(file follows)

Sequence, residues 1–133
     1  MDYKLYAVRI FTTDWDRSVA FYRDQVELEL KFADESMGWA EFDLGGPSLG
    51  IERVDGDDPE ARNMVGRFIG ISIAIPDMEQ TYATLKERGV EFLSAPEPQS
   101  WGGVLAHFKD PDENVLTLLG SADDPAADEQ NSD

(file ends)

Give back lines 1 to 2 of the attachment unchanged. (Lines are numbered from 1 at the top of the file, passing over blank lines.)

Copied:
Sequence, residues 1–133
     1  MDYKLYAVRI FTTDWDRSVA FYRDQVELEL KFADESMGWA EFDLGGPSLG